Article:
The Central Bank of Israel is considering the issuance of
a digital shekel to enhance the country’s payment system. However, the decision
to launch the financial instrument remains a topic of debate, echoing similar
discussions in advanced economies globally.
The Bank of Israel’s
Governor, Amir Yaron, shared these insights during a recent conference on
digital currencies, highlighting the nation’s strides towards modernizing
financial systems. Since November 2021, the Bank of Israel has been actively
researching and preparing for the potential introduction of a digital shekel,
Israel’s central bank
has collaborated with its Hong Kong counterpart and the Bank for International
Settlements on a project dubbed Sela. This initiative has successfully
demonstrated the feasibility of a retail CBDC, combining accessibility,
competition, and cybersecurity measures. Israel initially considered launching
a CBDC in 2017.
Governor Yaron pointed
out that the rapid digitization of the economy makes working on a CBDC a
logical step forward. He emphasized that if Israel decides to proceed, it will
prioritize privacy in digital payments, offering a higher level of privacy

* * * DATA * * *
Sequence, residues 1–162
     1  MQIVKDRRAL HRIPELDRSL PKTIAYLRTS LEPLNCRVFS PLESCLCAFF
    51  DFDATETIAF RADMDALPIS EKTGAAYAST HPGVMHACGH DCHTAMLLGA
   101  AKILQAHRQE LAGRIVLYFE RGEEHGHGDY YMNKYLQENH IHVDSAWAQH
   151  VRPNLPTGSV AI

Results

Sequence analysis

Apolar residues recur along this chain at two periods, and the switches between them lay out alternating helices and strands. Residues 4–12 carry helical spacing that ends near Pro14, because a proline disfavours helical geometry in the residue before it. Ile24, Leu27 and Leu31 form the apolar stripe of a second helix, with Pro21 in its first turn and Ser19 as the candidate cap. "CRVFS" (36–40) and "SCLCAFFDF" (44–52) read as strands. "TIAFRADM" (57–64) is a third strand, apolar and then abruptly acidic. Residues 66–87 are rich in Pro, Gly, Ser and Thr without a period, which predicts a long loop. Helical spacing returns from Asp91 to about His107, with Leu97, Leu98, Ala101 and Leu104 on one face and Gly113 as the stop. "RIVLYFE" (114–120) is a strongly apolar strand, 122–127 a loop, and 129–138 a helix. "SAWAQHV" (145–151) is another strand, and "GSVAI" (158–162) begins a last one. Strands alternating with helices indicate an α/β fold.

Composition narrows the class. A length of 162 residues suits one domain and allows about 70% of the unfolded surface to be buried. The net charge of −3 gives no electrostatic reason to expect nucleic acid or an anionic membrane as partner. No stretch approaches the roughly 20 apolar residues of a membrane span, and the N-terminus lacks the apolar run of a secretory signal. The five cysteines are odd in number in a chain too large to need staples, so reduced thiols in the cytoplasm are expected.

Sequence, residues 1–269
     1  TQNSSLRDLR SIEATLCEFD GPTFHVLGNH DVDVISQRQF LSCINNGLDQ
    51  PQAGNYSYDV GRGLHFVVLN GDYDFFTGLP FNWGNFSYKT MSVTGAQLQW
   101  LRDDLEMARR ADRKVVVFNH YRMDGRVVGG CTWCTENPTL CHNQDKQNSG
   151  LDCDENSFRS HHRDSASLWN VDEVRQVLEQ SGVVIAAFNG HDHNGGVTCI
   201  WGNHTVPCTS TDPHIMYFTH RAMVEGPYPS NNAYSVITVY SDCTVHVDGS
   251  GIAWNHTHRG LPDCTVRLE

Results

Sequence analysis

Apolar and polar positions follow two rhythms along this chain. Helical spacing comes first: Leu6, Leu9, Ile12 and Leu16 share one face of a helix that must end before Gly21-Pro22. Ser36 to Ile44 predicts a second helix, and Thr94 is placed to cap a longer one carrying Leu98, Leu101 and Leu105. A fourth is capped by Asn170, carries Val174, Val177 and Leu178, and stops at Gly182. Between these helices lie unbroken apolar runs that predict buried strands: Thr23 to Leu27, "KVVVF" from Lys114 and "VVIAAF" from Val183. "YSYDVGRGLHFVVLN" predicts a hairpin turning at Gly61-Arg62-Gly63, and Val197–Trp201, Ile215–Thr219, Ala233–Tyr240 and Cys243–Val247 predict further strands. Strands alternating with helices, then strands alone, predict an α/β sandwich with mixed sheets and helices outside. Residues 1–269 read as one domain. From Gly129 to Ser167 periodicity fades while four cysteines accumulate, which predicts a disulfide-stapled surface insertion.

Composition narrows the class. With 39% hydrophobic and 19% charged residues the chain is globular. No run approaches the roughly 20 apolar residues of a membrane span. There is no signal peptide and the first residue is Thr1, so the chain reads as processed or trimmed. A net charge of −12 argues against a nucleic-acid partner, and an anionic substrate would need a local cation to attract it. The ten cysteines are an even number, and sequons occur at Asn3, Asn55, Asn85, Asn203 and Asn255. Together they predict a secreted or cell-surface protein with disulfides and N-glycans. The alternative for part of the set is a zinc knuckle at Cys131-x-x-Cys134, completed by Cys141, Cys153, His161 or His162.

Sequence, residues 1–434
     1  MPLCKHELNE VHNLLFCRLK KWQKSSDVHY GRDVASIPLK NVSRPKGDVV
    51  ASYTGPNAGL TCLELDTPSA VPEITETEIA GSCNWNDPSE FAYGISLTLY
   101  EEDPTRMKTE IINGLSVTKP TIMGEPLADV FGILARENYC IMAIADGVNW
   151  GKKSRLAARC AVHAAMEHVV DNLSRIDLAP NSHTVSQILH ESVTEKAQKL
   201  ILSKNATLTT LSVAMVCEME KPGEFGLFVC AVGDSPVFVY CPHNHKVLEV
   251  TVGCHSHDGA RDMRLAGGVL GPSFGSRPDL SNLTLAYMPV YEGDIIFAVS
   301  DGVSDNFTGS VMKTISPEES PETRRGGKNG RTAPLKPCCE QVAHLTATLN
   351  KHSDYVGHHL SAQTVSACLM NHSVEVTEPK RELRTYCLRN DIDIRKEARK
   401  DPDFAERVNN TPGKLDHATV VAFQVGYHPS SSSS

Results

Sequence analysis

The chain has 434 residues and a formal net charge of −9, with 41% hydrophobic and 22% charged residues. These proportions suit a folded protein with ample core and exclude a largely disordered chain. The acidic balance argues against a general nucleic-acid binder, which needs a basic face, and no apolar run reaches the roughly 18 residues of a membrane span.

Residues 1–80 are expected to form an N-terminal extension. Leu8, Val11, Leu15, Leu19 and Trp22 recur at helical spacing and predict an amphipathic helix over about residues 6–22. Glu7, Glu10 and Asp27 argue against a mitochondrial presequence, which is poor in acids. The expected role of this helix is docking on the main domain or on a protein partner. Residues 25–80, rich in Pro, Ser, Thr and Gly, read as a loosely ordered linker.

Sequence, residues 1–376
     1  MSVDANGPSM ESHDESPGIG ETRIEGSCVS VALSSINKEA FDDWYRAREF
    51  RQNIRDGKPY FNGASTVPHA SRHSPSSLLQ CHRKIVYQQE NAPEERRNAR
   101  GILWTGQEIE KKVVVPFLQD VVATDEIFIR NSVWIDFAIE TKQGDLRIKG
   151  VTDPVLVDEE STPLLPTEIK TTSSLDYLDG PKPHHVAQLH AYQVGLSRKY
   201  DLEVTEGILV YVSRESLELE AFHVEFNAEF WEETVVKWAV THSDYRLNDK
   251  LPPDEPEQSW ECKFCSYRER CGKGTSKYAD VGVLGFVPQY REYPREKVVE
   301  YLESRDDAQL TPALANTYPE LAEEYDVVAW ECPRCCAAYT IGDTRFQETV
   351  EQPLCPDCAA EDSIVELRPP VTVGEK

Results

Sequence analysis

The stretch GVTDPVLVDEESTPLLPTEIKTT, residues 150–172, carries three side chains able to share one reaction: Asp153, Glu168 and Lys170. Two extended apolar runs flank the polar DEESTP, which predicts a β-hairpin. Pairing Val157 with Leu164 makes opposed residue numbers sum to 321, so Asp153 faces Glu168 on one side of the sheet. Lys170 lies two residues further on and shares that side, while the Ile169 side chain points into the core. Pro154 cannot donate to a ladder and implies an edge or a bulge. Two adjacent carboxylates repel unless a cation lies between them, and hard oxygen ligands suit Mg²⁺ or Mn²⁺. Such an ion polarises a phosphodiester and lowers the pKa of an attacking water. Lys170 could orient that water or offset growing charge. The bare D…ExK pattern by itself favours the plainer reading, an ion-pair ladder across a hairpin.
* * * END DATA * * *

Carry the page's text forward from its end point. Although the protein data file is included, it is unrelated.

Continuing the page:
compared to conventional digital means.
Besides that, the
Israeli Ministry of Finance has taken a proactive approach to regulating
Decentralized Autonomous Organizations (DAOs). According to a report by Finance
Magnates, the Israeli
Ministry of Finance announced in July the formation of a cross-agency team
tasked with formulating
regulations for DAOs.
Global CBDC Race Heats Up
Meanwhile, the race for
the launch of CBDCs continues to gain momentum globally. Last month, Russia embarked
on a pilot project for
the digital ruble that was scheduled to kick off on August 15th. Collaborating
with 13 banks and select clients, the country’s central bank is testing the
digital currency’s viability in real-world scenarios.
Russia’s pivot toward
digital currencies, particularly the digital ruble, is a strategic response to
economic sanctions imposed by the US and its Western allies in the wake of the
country’s invasion of Ukraine. These sanctions have disrupted traditional
financial services, prompting Russia to explore alternative avenues to maintain
its financial systems.
Elsewhere, the Bank of
France is setting the stage for collaboration with private companies to
introduce a central bank digital currency (CBDC) for both institutional and
retail clients. In July, the central bank released a set
of policy recommendations aimed
at facilitating the launch of the CBDC within the country. This move comes as
the Bank of France has been actively engaged in experiments related to
wholesale CBDCs since 2020.
This article was written by Jared Kirui at www.financemagnates.com.
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